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How to evaluate prospecting methods

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Evaluating a practice to determine how to market requires honest soul-searching. It’s bad when we are dishonest with others. It is also damaging when we aren’t honest with ourselves.

In order for a practice to improve for growth, we must be aware of our shortcomings and once they are identified, we must be willing to correct them. It’s hard to admit when we are wrong, but admitting our faults puts us on the road to getting better at what we do. If we need more education about our industry, instead of denying the need, we should acknowledge it. Then we can set aside the time necessary to get what we need.

I have found that a significant number of producers pass off shortcomings as skills they don’t really need. They may just be too lazy to really do the work necessary. It’s also embarrassing, in our world, to admit that we are inadequate in some areas.

That’s ok; actually nobody really needs to know that we have realized that our failures are our own fault. We can just quietly and discreetly go about improving. No big announcements are necessary, just the resolve to accept the problems and the character to make them right.

Addressing prospecting with evaluation in mind, we need to discover what really works for us. Be careful with the “for us.” Just because methods work for others doesn’t necessarily mean that they are transferrable concepts for our practice.

We are bombarded with wonderful new and exciting prospecting methods. Some are useful to us and some are not. This is where evaluation comes in. Don’t fall into the feelings trap either. Sometimes our feelings betray us. I have to beware that a bad feeling about a prospecting method isn’t just my excuse for being lazy. It may be that I just don’t want to do the work necessary or spend the money necessary to execute a good method.

A note about character: Character may require doing something right until it becomes something that we are instead of just what we do. Studying and executing is what needs to be done when we don’t want to or don’t feel like it until it becomes a habit. If this were easy, all lazy people would be successful. In order to stop feeling like a loser we must not act as losers act.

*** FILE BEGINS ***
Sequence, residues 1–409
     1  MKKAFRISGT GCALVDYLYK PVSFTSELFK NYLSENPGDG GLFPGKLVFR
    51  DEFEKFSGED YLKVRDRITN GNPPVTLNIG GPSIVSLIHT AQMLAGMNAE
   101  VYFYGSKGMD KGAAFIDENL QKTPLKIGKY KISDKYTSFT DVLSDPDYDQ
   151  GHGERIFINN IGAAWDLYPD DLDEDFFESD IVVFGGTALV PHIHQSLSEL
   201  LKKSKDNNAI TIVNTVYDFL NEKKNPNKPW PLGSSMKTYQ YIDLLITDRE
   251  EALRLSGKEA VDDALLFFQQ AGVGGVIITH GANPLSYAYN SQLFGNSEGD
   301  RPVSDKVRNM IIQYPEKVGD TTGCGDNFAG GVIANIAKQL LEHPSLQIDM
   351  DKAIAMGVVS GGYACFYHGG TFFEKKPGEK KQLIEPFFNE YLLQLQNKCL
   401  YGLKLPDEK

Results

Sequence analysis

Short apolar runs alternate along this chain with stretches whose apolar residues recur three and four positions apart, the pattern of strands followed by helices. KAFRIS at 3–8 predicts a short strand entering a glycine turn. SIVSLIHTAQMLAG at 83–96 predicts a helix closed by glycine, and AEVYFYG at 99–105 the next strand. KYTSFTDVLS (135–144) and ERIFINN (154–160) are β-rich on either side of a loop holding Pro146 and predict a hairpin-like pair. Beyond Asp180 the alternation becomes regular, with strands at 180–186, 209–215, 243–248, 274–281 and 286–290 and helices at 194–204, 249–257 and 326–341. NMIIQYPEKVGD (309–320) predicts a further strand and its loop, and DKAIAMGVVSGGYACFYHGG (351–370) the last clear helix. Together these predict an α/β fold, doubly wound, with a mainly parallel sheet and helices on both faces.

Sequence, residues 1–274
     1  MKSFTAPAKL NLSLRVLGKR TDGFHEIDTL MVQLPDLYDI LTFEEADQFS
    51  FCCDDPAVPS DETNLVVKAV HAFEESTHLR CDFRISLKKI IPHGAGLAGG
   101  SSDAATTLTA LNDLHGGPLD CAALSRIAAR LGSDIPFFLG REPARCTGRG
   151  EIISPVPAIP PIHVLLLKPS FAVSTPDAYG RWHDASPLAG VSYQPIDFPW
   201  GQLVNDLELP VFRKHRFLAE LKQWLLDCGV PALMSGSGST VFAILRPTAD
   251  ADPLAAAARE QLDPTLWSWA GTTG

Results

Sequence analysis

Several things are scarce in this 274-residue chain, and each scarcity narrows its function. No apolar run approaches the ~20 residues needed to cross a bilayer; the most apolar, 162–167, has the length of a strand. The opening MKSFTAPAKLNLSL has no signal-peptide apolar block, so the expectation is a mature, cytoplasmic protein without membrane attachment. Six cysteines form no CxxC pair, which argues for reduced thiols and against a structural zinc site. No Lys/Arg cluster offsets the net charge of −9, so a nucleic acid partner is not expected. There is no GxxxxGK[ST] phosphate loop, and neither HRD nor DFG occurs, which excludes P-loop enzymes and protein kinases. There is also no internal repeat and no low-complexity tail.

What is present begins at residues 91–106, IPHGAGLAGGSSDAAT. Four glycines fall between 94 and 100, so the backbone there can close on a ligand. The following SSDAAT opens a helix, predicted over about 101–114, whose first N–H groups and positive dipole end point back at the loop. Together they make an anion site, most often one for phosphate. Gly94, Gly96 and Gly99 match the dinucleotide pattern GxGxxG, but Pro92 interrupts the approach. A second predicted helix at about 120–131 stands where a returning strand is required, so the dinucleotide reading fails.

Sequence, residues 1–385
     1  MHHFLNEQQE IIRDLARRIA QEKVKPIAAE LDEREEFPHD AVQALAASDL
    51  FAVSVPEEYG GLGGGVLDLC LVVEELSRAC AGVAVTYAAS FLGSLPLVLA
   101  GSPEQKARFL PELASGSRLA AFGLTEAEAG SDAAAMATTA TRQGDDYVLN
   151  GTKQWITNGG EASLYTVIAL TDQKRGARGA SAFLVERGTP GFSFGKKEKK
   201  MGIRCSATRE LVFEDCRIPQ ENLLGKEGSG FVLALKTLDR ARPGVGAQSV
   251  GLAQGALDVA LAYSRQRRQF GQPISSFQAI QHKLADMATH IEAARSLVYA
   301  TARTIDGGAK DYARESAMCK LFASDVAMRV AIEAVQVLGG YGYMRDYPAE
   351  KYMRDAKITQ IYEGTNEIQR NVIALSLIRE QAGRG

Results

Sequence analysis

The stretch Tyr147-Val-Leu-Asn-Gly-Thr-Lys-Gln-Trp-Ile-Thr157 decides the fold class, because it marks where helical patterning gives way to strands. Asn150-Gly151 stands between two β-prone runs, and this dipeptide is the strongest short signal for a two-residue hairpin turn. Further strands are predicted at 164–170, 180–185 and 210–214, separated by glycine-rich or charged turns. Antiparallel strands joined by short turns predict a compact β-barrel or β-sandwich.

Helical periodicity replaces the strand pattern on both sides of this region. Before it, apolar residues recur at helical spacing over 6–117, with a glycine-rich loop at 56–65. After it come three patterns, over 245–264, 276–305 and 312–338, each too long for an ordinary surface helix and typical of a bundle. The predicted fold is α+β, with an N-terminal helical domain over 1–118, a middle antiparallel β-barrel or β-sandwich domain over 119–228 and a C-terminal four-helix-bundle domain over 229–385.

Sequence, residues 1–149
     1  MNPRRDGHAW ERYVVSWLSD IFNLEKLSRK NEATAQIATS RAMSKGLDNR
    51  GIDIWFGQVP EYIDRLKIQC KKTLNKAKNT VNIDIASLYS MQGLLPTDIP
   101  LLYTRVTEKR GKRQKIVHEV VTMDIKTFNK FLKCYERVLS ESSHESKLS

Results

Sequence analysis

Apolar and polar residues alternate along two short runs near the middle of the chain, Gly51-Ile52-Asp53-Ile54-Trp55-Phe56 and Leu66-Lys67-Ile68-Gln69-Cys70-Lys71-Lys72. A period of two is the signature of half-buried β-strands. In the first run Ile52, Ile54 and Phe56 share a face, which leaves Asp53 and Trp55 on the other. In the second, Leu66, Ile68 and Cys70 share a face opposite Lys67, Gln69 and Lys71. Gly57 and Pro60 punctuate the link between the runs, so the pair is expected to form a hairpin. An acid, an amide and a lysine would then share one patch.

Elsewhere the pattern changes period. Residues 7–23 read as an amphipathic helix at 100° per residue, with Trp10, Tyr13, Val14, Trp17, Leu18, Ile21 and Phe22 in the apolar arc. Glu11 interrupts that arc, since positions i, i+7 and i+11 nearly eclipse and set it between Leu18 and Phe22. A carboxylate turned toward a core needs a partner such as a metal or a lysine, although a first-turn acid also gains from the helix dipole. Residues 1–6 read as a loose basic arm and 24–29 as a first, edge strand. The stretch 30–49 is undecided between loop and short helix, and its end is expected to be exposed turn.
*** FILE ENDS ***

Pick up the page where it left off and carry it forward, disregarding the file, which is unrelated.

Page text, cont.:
This article is not meant to address moral issues, only character issues. They can be related but they can also be dealt with separately. Producers can get into a deadly habit of chasing the next new idea. Character allows us to stick to a proven (by us) and successful process.

Sometimes processes don’t produce the expected outcome. Our processes may even begin to erode in effectiveness over time. It’s best to evaluate what adjustments can be made. If the adjustments don’t help and it looks like a dead end road is ahead, that’s the time to look for additional or alternative methods.

One last word on identifying problem areas: Be careful not to just treat symptoms, you must treat the problems. Like with cancer, if we just treat the sore and not what causes the sore, we can get into a great deal of trouble.

Solid character will allow us the patience to look past the symptoms to observe, evaluate, and solve the real problems. Character breeds confidence, not pride. Pride will hurt you but confidence will not. Pride makes you not likable, confidence draws attention in a positive way. Pride is boastful, confidence needs no boasting. Pride will hold you back, confidence will advance your cause. Pride can make you money, but lose more precious things than money. Confidence will make you money and retain the more precious things. Pride will stop you from being honest with yourself, confidence feeds on honesty.

Your practice can, and will improve, when you decide to evaluate honestly and execute confidently.